This is equivalent to saying that the first two days of the week the BCRA was raising the exchange rate at a rate of 7.8% and 6% annually and Wednesday and Thursday at a rate of 17.4%. A true random path. The official strategy would have been to generate some uncertainty about the acceleration of the crawling peg, taking it from a slower pace to the pre-election to a faster one in the same week, when the market discovers that there is no other alternative than an acceleration to a level much higher than 11% (when inflation runs at 50% per year) .
How’s everything going?
The market believes that the acceleration of crawling peg It is a fact, but it is not clear how much or, fundamentally, how. It is clear that an exchange rate gap greater than 110% (it was one month above 100% this week) and a multilateral real exchange rate that has appreciated almost 17% so far in 2021 and is already below pre levels. -January 2014 devaluation puts pressure on a squalid stock of net liquid reserves. Since the situation is unsustainable for several weeks, immediate moves are expected.
The BCRA would begin to move the official exchange rate at a rate of 3% or 4% per month (similar to inflation) with the intention of buying part of the December wheat harvest, which would reach US $ 2.2 billion, and so on. rebuild reserves. Not everything is so easy: if the interest rate is not aligned with that of the crawling peg, perverse incentives will be generated on foreign trade. If the interest rate is lower than that of the rise in the official dollar, the grain producer would prefer to keep the grain (which would appreciate at a rate of 3% or 4%) while in pesos it would have a monthly rate of 2, 8% if we are guided by the current BADLAR of 34% of TNA. In the same way, importers would accelerate their purchases abroad, since staying in pesos would yield 2.8% per month, when they know that the products they want to import would rise at a rate of 3% / 4% per month. Therefore, aligning both rates would imply raising the interest rate, which is a by-product of the monetary policy rate. As an example, a BADLAR of 4% per month is equivalent to a TNA of 48% (increase of 14 percentage points), which in turn would derive from a rise in the TNA of the LELIQ to 53% (increase of 15 percentage points compared to the current rate of 38%). It sounds a bit far-fetched that the BCRA would validate a rate adjustment of such caliber given that: i) the quasi-fiscal deficit would inflate and ii) interest rates for the entire economy would rise, making both the cost of financing the Treasury deficit and that of the private sector, which would suffer economic activity, so it is expected that it will “lead” it. This strategy would imply some minor rise in the interest rate, perhaps softening the rise in the crawling peg to the 3% zone (if inflation is 4%, the real exchange rate continues to lag!) and wait for the BCRA to buy some reserves. The risk is that, if this does not happen, there is no other option than a slight jump in the exchange rate.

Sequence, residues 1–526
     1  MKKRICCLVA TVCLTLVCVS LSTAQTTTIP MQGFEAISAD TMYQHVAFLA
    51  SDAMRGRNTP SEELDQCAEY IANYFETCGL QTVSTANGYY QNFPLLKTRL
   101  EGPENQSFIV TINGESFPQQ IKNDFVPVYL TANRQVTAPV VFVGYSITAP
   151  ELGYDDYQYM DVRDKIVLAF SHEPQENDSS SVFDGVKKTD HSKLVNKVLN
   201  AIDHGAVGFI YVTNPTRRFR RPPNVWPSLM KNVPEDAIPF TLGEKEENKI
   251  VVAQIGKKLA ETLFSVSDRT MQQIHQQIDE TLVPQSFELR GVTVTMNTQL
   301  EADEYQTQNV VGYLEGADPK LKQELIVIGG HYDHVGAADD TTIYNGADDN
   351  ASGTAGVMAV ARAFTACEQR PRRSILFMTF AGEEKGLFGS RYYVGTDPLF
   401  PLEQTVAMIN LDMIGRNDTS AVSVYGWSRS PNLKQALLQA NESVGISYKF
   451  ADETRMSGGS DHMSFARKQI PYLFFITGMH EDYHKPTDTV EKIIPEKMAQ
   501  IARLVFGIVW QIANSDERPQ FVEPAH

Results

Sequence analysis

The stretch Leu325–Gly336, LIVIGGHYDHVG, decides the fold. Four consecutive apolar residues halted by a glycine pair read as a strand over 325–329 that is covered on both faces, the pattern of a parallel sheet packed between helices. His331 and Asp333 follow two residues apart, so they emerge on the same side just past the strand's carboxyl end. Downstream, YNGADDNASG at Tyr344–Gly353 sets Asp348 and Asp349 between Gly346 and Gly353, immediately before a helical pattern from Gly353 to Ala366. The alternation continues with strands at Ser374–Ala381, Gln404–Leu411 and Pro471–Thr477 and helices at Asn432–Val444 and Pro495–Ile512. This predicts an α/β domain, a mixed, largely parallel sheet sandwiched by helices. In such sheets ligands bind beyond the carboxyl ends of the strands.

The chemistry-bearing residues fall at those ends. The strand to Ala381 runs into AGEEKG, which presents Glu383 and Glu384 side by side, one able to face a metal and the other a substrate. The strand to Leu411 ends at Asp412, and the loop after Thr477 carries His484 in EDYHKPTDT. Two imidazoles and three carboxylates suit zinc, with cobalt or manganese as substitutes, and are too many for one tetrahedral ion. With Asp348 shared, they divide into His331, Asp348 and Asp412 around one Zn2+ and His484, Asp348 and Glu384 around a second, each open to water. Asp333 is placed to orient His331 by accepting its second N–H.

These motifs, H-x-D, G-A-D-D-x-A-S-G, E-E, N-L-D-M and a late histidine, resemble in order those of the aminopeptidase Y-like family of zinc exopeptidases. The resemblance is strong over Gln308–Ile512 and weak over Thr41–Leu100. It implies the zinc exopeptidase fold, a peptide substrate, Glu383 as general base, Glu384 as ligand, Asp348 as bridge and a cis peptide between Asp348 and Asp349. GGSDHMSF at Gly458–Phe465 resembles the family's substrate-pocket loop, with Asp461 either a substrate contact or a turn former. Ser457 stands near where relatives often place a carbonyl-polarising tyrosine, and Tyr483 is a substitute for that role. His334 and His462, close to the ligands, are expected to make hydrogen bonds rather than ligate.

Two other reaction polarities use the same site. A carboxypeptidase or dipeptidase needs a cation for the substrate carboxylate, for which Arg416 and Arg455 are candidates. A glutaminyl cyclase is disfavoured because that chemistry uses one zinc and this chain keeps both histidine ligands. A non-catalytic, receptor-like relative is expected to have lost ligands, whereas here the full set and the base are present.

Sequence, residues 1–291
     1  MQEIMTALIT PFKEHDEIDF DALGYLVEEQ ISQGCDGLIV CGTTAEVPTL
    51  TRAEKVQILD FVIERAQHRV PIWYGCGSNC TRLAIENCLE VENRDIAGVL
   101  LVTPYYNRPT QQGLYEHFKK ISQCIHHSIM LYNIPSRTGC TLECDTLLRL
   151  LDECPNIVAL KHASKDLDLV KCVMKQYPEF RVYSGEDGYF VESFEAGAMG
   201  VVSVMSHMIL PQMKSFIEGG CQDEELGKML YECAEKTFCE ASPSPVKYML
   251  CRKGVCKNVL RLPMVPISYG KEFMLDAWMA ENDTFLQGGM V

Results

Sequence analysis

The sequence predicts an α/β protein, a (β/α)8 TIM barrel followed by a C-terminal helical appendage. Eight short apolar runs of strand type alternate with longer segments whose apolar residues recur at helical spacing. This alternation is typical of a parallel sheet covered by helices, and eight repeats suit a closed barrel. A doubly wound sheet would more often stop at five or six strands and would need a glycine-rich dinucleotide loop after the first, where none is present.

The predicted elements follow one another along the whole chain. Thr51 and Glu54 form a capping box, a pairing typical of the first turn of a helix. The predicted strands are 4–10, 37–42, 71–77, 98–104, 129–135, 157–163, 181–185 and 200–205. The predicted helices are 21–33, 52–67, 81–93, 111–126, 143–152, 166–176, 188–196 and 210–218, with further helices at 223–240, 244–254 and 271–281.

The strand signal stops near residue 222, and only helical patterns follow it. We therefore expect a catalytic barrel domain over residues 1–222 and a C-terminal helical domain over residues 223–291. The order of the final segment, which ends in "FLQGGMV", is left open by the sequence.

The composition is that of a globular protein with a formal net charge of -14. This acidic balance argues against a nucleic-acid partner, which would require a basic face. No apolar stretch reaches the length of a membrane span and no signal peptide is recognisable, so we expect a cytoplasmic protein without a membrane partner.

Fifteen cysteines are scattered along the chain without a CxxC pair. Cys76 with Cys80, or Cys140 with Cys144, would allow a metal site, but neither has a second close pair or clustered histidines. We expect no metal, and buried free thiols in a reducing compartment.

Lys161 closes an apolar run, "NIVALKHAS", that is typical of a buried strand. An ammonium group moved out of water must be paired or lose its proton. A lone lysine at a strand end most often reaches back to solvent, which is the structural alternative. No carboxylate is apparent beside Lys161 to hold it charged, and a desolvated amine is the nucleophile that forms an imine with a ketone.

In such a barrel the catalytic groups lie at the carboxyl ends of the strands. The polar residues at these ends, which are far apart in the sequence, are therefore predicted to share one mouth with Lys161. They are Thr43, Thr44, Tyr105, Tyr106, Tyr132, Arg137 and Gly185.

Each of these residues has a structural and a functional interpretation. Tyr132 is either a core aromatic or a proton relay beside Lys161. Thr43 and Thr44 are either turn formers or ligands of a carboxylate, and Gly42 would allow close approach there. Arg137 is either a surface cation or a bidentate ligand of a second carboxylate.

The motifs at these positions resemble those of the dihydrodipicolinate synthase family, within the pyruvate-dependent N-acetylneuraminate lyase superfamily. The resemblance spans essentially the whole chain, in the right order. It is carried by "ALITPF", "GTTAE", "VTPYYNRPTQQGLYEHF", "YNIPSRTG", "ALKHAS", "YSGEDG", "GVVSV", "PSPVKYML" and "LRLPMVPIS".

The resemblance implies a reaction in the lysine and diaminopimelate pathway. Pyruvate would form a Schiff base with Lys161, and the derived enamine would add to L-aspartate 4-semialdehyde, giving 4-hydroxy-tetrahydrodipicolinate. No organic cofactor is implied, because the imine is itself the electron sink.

Here the question arises as to whether a possible discrete exchange rate jump would have the endorsement of the International Monetary Fund. In order to anchor expectations, it would be prudent that, in the event of a devaluation, it is supported by a solid fiscal and monetary program with the body that anchors expectations (or at least does not unanch them more than they already are) so that nominality is not spiralize. The temporal inconsistency lies in the fact that the Argentine authorities may be negotiating arduously with the staff of the institution in Washington with a view to reaching an agreement before March 21 and that reality imposes immediate action in Buenos Aires sometime in the summer. That is why, to minimize risks, it would be more than healthy for the negotiation to close as soon as possible.